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Here’s Everything You Need To Know About Peppers With Black Seeds

The blackening of pepper seeds is commonly associated with spoilage, but it doesn't always mean that it should be discarded. Thus, the importance of knowing what this blackening really means, if peppers with black seeds are safe for consumption as well as other tell-tale signs of spoilage.

By Cookist

If you love eating peppers, then you must have come across an unsightly blackening of their seeds. This likely caused you great concern, and you, most frustratingly, had to discard the peppers.

Experts, however, say that peppers with black seeds may still be safe for eating. Here's why:

Pepper seeds that have a nearly white color are fresh, while those that have blackened have either died or didn't even develop properly, to begin with. This means that you can still eat peppers with black seeds; all you have to do is carve out the rotten seeds!

But, keep in mind that this is only appropriate if you observe that there are no mold growths on the pepper and that the pepper's remainder is firm to touch.

On the other hand, there are brown seeds which signify that the pepper seeds are fast drying out. This is, however, a natural phenomenon, and you can still consume the pepper seeds.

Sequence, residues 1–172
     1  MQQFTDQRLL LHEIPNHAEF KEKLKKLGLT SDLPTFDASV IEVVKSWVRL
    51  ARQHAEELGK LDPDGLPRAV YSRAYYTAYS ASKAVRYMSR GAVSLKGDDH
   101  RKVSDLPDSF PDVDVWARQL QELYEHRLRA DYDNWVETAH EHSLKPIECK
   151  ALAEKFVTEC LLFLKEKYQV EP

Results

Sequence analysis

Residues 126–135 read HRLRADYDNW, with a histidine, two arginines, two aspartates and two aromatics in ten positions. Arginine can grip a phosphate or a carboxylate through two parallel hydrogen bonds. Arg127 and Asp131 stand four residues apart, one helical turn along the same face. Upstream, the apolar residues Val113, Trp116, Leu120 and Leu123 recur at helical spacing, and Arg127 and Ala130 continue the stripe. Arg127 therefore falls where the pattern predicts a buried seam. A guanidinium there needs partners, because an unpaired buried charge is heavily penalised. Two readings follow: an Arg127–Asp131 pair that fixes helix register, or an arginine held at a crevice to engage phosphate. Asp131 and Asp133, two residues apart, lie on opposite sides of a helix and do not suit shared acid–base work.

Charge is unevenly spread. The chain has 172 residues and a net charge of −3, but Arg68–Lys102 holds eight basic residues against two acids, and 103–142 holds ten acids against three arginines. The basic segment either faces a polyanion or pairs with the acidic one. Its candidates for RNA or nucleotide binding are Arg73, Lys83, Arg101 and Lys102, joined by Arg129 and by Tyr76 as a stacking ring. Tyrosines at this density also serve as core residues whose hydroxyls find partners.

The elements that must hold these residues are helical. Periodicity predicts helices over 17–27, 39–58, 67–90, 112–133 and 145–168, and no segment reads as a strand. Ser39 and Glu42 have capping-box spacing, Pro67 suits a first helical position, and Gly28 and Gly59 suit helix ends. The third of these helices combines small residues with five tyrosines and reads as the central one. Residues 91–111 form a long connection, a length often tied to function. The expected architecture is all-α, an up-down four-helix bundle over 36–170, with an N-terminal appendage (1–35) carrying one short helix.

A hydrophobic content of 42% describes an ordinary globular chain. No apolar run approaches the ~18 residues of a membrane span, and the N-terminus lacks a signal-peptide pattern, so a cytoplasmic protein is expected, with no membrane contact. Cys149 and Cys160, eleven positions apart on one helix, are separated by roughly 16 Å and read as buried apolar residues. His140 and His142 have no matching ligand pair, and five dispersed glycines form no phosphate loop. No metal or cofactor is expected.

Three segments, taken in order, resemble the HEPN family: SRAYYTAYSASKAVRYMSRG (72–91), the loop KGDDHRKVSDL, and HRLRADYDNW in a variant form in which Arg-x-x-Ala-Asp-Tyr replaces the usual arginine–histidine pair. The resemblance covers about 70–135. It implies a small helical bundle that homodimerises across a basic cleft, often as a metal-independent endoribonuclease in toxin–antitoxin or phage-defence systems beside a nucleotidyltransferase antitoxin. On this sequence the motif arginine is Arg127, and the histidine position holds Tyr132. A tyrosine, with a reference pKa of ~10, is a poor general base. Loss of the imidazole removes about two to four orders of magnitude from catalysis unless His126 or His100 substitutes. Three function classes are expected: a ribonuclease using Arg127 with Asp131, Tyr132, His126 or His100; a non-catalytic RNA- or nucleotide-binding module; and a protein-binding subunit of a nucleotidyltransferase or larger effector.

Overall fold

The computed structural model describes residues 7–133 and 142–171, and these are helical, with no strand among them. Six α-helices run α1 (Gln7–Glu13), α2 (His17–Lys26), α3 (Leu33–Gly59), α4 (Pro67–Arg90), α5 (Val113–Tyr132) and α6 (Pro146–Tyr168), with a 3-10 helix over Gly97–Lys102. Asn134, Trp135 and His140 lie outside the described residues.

Tell-tale Signs Of Spoilage

If you store your peppers in a fridge and close to other vegetables, you want to keep an eye out for the following signs as such moist conditions can quicken spoilage.


Give the peppers a soft feel, checking for the firmness of their flesh. Fresh peppers have smooth skins and remain firm to touch, while rotten ones look wrinkly and feel soft. This means that the pepper is nearing its last stage of freshness and should be eaten soon.



Another important sign of pepper going bad is if the color has changed. The normal colors which may signal different stages of ripening include green, yellow and red. Brown or black/brown blotches signal spoilage and that you should throw out the peppers.

Moldy growths

Next, check the stem of the pepper for signs of fuzzy white or black mold. Mold growths typically begin where the stem meets the skin.


Cut the peppers open and take a whiff. If you observe any putrid or uncharacteristic smell, then they may be bad.

On a final note, it is important to mention that some peppers naturally have black seeds; this doesn't signify spoilage, and you can consume the seeds alongside the flesh of the peppers. Examples are the Manzano Chili Peppers and the Capsicum pubescens.

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